toboolvec is used by an easier-to-use word, tobool:

: tobool ( xvalue — bool ) boxtype toboolvec ;

boxtype ( x — x i ) pushes the boxtype constant indicating the type of the top of the stack, which must be a boxed value. So tobool just converts the top of the stack to a boolean.

OP_add. Now I actually know enough to understand how OP_add is defined. It’s defined in vm.fs in several pieces, but basically it uses the boxtype word to get the type of both operands, then case words that double dispatch to a type-specific addition operator. When adding two doubles the final addition operator is w_fadd. This is defined:

EXTERN: w_fadd f+ dbox ;

f+ is another name for DADD, which defined:

PRIM: DADD (( f0 f1 — fr ))
interp:{ fr = f0 + f1 ; }
trace:{ interp.trace_binop(LIR_fadd, sp, USE_Q, USE_Q); } ;

(Mason explained how primitives work.)

Sadly, it appears from reading the int+int case that when adding two ints, TT must promote them to doubles because ECMAScript requires numeric addition to work as if the operands were doubles. I wonder how much of a performance penalty this is for array-iteration code and if there are any opportunities to optimize this by figuring out when it’s safe to keep the int representation, perhaps by loop variable interval analysis or speculation…

Comments

Comment from Edwin Smith
Time: May 22, 2008, 9:20 am

A forth subroutine is usually called a “high level word”. the syntax is

: words ;

EXTERN: replaces : and marks the word as callable from C. fc.py only compiles words reachable from the EXTERN entry points. so EXTERN in a forth file is like the “extern” keyword in a C file.

TT habit of appending “vec” to name cases comes from the forth notion of vectorized execution. A CASE is basically a jump vector (table) definition – executing a case word is like “goto *vec[*sp–]”.

int(double(a)+double(b) used in an array index context is a hotspot in TT and would definitely benefit from statically optimizing out when possible, or adding an overflow check to dynamically keep things as ints as long as possible.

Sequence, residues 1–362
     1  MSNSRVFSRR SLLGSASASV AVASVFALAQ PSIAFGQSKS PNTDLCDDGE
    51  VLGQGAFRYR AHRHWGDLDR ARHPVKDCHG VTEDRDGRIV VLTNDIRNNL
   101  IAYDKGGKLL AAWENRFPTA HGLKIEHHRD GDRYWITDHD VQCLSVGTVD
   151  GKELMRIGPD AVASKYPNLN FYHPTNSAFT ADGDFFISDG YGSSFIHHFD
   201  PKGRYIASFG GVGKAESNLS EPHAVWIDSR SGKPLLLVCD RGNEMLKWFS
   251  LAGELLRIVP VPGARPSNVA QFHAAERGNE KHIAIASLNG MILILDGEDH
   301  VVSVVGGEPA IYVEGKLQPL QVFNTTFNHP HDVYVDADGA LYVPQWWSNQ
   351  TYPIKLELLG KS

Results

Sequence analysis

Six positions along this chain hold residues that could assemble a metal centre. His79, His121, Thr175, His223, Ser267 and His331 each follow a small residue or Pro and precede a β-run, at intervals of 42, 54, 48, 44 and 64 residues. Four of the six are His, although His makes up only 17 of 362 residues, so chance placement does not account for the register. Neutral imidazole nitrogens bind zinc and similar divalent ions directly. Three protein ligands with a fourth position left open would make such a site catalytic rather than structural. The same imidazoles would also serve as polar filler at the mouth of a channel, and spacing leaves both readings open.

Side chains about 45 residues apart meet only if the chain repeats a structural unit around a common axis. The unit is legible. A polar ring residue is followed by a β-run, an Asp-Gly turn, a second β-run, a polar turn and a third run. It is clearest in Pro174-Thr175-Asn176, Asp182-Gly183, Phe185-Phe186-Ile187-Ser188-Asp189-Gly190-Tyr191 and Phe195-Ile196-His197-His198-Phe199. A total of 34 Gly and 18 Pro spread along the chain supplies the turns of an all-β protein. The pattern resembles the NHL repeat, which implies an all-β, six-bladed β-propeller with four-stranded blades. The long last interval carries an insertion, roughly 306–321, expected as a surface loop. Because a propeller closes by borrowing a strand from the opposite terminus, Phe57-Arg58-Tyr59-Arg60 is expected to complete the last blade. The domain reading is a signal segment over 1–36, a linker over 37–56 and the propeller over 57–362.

when doing int + int it is usually a win to speculate that the result doesnt overflow. in array index contexts, its always a win.

for cyphers that count on wraparound, you want to have a way to optimize out the int->double->int conversion that happens in the overflow case. (in other words cyphers want wraparound behavior).

outside of array index contexts, the jury is still out. Mike Pall made a good case for leaving everything as double.

Comment from dmandelin
Time: May 22, 2008, 10:12 am

Cool, thanks for adding your comments, by the way. This really helps.

I saw the email about Mike Pall’s experience. We were talking about that the other day and array accesses was the one probable exception that came up.

So if you speculate non-overflow on integer addition, and use an integer addition ISA instruction, does that mean you have to add a check for overflow afterward? If so, is that costly?

The cipher thing is interesting. I guess it would be a lot easier if int semantics are available. But I guess there is no int type even in ES4? So are you thinking language extensions, or some kind of pattern recognizer for ES that encodes wraparound semantics for Number?

Comment from Edwin Smith
Time: May 22, 2008, 11:36 am

You can get int semantics in ES3 like this:

~~(a+b)

since >> (and the other bitwise operators) convert to int32 first.

I prototyped adding an overflow check operator in TT’s forth that translated into checking the condition codes at the ISA level, and guarding on not overflowing. it generally works, and it worked well enough to pursue further.

i did hit a snag optimizing it because that deepdown branch can cause a tree branch where you dont want one. both sides of the branch will end up computing (a+b) after you optimize, but now you have two identical tree branches.

Without a technique like UCI’s tree folding, which would eliminate those branches, the penalty for too many branches was higher than the penalty for doing extraneous doubleToInt32()’s. crypto-md5() is a case that showed this behavior.

this was one of the factors that led us to introduce a static abc->IL translation step. in the case we’re talking about its soo easy to handle staticaly, and really tricky to handle dynamicaly.